Cannabis and cancer are two hot areas for researchers right now. But, does the herb hold potential as a cancer treatment?
Why do so many cancer patients turn to medical cannabis? As it would turn out, the herb has quite an impressive resume when it comes to cancer. Not only has cannabis been used medicinally for thousands of years, but preclinical evidence suggests that the plant may hold the key to the next major breakthrough in cancer research. Here are five things you didn’t know about cannabis and cancer.
1. Ancient history
Fairly recent archeological evidence suggests that our ancestors may have been using cannabis to ease cancer symptoms for at least 2,500 years. In 2014, researchers made some fascinating discoveries in the preserved body of a woman found in Siberia.
Along with the woman, in her burial chamber, was a container of cannabis. After an extensive investigation, the research team determined that the woman died of breast cancer, and researchers speculate that the cannabis she was carrying was used to ease the pain and other debilitating symptoms of the disease.
2. Cannabis kills cancer cells in four ways
Large clinical trials testing the anti-tumoral properties of cannabis in humans are nonexistent. However, ample preclinical research suggests that the herb has some serious cancer-fighting potential.
A wealth of research over the past decade and a half has uncovered that cannabis compounds can block and destroy cancer cells in four primary ways. These include:
- Anti-proliferative: Prevents tumor cells from growing and dividing.
- Anti-metastatic: Prevents tumor cells from traveling from one location to another
- Pro-apoptotic: Triggers cell suicide in cancerous cells and not healthy cells
- Anti-angiogenetic: Blocks tumor cells from developing blood vessels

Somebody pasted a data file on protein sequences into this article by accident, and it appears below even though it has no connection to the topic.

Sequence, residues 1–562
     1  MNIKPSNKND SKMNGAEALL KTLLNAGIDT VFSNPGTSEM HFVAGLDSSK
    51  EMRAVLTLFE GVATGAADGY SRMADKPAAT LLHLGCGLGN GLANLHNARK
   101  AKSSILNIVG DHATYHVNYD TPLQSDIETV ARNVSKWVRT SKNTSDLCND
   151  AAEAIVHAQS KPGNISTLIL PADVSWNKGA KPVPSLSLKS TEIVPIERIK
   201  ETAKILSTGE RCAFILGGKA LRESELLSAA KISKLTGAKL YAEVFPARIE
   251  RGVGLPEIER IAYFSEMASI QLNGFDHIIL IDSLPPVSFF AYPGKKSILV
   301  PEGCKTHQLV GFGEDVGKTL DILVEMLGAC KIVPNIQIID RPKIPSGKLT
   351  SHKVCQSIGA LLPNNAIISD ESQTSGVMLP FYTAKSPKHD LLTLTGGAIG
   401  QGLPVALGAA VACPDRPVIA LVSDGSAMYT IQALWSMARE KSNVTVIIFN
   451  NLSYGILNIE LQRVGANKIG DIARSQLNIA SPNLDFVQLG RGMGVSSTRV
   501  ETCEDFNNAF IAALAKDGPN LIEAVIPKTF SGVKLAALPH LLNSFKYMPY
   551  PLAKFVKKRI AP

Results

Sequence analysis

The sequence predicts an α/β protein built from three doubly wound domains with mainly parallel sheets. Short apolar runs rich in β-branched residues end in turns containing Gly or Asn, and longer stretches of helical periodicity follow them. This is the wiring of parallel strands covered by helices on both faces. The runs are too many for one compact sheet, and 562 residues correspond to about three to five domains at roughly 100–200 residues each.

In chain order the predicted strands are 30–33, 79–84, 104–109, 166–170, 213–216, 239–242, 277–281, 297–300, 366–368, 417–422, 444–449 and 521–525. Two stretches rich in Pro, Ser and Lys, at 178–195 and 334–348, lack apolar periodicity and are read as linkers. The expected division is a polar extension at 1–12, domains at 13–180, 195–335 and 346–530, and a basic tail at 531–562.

Further, Spanish researchers have found that treatment with both THC and CBDsuccessfully reduce tumors in animal models of brain cancer. Yet, unfortunately, the majority of the available information on cannabis and cancer is limited to anecdotal reports and low quality, preclinical information.
Access to only low-quality information means that patients will have to stay in the dark about the overall effects of cannabis until better research is available.
For more information on the four ways cannabis kills cancer cells, take a look at the full article here.
3. Canna-based pharmaceuticals already exist
Though large trials on cannabis for cancer in humans are lacking, there is substantially more information on cannabis-based treatments for cancer symptoms. In fact, many patients already have access to cannabis-like medicines while under chemotherapy.
Canadians already have access to a cannabis-based pharmaceutical for cancer pain. Sativex, a multiple sclerosis drug designed by British GW Pharmaceuticals, uses both psychoactive THC and nonpsychoactive CBD to ease symptoms of chemotherapy-related cancer pain.
Cancer patients in the United States and many other areas of the world can opt to use one of two synthetic cannabis products. Dronabinol and nabilone are two man-made cannabinoid pharmaceuticals that are modeled after psychoactive THC.